Project comes on line: PM sees gas surplus in Pakistan with start of second LNG terminal

Published: November 20, 2017
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Prime Minister Shahid Khaqan Abbasi inspects Pakistan GasPort floating storage regasification unit in Karachi on Monday. PHOTO: PID

Prime Minister Shahid Khaqan Abbasi inspects Pakistan GasPort floating storage regasification unit in Karachi on Monday. PHOTO: PID

KARACHI: Prime Minister Shahid Khaqan Abbasi inaugurated on Monday the second liquefied natural gas (LNG) terminal at Port Qasim, which was built by Pakistan GasPort Limited with an investment of $500 million to pump gas into three LNG-based power plants in energy-starved Punjab.

Addressing the inaugural ceremony, the prime minister declared that Pakistan would have surplus gas after the second terminal started processing gas on November 24. However, he said the surplus would be short-lived as gas demand from industries and other sectors was rising.

He recalled that the government faced several challenges when it came to power in mid-2013, but the national economy jumped 5.3% in fourth year of the tenure (fiscal year 2016-17) and it was expected to rise 6% in the current year.

He emphasised that electricity shortages had been largely overcome with the import of LNG – the cheapest energy source at present, adding the government was currently working on several power projects.

He reaffirmed that the government was committed to resolving the energy crisis and it had been able to reduce power outages.

The government had worked on different options to bridge the energy shortfall, he said while pointing to a 1,360-megawatt coal-power project, which was nearing completion. Another coal-fired power project has already become operational.

Pakistan is importing 600 million cubic feet of LNG per day (mmcfd) through its first terminal at Port Qasim which has been operating at 100% capacity over the past two years.

The second terminal will handle another 600 mmcfd, taking total imports to 1.2 billion cubic feet per day (bcfd).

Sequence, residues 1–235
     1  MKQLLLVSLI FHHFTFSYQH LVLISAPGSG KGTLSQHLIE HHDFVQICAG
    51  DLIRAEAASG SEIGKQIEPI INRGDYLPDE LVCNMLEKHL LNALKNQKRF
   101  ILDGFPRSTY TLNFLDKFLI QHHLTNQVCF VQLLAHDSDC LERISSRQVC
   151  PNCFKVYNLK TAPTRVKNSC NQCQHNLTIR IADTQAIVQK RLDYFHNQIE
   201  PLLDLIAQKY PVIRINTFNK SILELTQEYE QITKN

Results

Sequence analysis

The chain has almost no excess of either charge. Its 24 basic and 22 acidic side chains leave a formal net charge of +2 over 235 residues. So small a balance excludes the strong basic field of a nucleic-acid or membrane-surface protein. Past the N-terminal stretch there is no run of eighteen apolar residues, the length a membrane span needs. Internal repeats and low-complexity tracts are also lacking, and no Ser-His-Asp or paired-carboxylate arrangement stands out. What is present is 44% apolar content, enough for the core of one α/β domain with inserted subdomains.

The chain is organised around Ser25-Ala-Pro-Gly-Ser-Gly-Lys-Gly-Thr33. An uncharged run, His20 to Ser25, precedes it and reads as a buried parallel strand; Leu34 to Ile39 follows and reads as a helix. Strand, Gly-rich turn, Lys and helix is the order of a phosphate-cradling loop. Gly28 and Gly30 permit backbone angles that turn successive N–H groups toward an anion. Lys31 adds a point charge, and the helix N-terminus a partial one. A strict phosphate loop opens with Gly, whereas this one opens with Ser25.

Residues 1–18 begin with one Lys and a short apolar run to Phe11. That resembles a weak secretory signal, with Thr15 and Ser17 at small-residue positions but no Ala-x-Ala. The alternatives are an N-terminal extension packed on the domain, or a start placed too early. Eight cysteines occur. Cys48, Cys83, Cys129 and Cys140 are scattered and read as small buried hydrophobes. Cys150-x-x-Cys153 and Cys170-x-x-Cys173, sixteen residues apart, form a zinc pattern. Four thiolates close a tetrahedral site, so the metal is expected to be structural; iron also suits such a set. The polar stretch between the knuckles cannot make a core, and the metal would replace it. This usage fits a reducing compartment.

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In 2013, Abbasi claimed, the government was told that a minimum of seven years would be required before any of its ambitious projects could take shape. However, he emphasised that it was the proud privilege of his government that it had been able to complete all projects which it had initiated.

The premier congratulated Pakistan GasPort Chairman Iqbal Z Ahmed on achieving the milestone and said he still had two more to cross.

Terming the LNG terminal a success story, he said the government’s work was not to engage in business, instead it would facilitate the private sector in setting up all new terminals and provide a regulatory framework. He saw a huge potential for investment in the LNG sector because the country had a big market for natural gas.

Abbasi revealed that 1 bcfd of LNG would be required to meet the needs of industries, compressed natural gas (CNG) filling stations, captive power plants of industrial units and power producers.

He pointed out that Pakistan had now become a fertiliser exporter due to gas imports and LNG was the cheapest source of energy at present despite media criticism.

Pakistan is expected to be importing 30 million tons of LNG per year in the next three years as more terminals are coming up. Speaking on the occasion, Ahmed said Pakistan GasPort had completed the terminal despite encountering several challenges.

The company has planned to set up another LNG terminal with a joint investment of $500 million which is expected to start running before the end of next year.

He revealed that they had also planned to set up a liquefied petroleum gas (LPG) import terminal with an investment of $50 million to meet consumer demand.

There had been ups and downs in LPG prices and the establishment of the terminal would help stablise gas rates in the country, he said, while pointing out that the government was also working on setting up LPG air-mix plants.

“The LPG terminal will also help to meet gas demand in remote areas of the country,” he said.

Published in The Express Tribune, November 21st, 2017.

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